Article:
My favourite Mediterrean island

It was Francesca Amfitheatrof, Louis Vuitton’s high-profile artistic director for jewellery, who introduced me to the very low-profile Ventotene. A habituée since childhood, Amfitheatrof spoke rapturously of a scantly visited place that had somehow remained virtually unchanged from those 1980s days.

I soon learnt how such a unicorn state of affairs might have come about: Ventotene was, for most of the year, a real pain in the ass to get to. When I went in late September, it was a two-hour trundle on a shabby Intercity train from Rome’s Termini station to a coastal port called Formia. From there, after milling around at the ferry dock for an hour or so, it was another two hours over the water to this bluff-ringed speck measuring less than 3km long and at most 800 metres across — technically one of the Pontine Islands, but almost as close to Ischia, in the Gulf of Naples, as it is to Ponza.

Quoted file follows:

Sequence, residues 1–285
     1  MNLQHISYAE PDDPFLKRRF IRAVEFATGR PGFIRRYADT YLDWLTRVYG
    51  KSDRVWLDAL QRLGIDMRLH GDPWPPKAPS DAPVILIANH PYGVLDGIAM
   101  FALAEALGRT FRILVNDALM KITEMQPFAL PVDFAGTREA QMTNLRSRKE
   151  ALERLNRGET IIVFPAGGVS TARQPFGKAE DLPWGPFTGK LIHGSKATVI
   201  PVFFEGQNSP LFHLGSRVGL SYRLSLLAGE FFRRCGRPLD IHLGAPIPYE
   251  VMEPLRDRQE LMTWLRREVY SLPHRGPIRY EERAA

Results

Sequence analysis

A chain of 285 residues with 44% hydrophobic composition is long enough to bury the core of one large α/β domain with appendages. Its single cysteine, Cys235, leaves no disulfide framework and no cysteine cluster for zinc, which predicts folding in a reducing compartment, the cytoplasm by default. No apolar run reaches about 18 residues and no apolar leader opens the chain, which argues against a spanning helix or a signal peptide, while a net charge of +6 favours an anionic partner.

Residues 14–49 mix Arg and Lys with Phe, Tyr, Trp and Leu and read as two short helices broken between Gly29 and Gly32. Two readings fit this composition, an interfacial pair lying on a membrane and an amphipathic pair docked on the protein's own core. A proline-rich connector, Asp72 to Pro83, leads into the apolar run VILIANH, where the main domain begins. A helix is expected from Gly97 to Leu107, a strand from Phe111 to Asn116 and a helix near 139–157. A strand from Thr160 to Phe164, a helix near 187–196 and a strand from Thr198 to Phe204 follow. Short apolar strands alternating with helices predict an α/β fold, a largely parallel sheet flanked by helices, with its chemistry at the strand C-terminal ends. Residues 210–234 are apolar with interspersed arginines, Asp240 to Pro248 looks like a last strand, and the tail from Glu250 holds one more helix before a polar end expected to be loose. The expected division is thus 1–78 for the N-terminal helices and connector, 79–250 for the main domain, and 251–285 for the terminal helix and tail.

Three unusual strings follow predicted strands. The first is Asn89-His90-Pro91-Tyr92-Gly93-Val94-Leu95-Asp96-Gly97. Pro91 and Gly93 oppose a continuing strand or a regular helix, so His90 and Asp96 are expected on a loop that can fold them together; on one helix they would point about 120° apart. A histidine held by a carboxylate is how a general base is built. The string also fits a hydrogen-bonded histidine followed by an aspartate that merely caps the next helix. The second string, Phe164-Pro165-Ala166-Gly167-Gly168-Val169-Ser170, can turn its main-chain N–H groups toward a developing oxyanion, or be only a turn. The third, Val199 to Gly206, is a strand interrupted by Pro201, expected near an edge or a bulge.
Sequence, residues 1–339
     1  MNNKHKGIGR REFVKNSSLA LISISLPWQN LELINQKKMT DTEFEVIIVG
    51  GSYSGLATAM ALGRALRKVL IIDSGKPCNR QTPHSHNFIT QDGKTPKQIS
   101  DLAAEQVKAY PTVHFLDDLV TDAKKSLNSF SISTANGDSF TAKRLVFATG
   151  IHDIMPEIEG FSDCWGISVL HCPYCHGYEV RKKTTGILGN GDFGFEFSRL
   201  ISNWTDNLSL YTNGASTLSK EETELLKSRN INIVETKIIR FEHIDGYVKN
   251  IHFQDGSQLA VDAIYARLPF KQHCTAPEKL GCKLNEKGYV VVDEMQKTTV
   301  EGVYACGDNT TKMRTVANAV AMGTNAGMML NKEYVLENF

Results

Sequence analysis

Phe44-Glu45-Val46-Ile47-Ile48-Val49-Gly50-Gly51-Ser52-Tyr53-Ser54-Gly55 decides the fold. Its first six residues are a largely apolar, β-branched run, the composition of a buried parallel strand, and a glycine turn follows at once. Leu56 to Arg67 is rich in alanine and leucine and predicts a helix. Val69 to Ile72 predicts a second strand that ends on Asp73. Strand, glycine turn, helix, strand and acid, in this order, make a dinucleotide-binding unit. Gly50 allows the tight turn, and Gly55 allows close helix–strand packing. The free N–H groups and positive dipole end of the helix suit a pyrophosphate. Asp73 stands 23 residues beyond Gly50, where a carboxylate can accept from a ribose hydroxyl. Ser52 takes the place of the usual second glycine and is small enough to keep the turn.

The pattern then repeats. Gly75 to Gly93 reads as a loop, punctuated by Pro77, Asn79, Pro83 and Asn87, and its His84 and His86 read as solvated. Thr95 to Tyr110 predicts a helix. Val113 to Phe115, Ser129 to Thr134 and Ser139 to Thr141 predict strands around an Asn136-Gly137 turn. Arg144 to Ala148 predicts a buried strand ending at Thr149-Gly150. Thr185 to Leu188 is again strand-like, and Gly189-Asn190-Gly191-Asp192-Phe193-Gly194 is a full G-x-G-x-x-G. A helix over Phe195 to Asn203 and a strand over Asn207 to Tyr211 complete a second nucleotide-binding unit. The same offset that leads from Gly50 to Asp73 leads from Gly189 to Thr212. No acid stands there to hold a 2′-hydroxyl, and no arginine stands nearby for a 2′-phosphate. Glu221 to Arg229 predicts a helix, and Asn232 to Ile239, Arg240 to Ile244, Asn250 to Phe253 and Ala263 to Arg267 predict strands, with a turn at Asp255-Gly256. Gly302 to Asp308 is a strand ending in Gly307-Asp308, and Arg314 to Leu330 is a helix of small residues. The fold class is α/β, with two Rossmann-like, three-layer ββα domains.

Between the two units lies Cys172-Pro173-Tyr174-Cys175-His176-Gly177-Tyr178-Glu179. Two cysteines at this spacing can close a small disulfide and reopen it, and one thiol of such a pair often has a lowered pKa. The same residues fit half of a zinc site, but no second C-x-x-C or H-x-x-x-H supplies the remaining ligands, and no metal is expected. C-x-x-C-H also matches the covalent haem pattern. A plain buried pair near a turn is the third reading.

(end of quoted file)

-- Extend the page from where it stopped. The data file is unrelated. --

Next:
On Ventotene, the filtering effect of this journey is bolstered by the brevity of the season and the scarcity of accommodation (a handful of hotels, none with more than 25 rooms). In September, it was a cinch to find a table with a view, a quiet path to walk alone, a gozzo to putter around the island’s perimeter in. The tiny port, carved out of volcanic rock that swirls in mesmeric morphological patterns, dates back to the reign of Caesar Augustus, when the island was known as Pandataria.

The ancient alcoves along its perimeter now house cafés, restaurants and a few diving centres (the surrounding seabed is rich with posidonia and gorgonian soft corals, the odd shipwreck resting among them). Augustus also maintained a pair of stonking summer palaces here, and banished his adulterous daughter, Julia the Elder, to a life of exile in one of them. A mile off its south shore is the even tinier island of Santo Stefano, where in the 18th century the Bourbon king Ferdinand IV elaborated on the Augustan exile theme by building an actual prison.

Financial Times
7 July 2024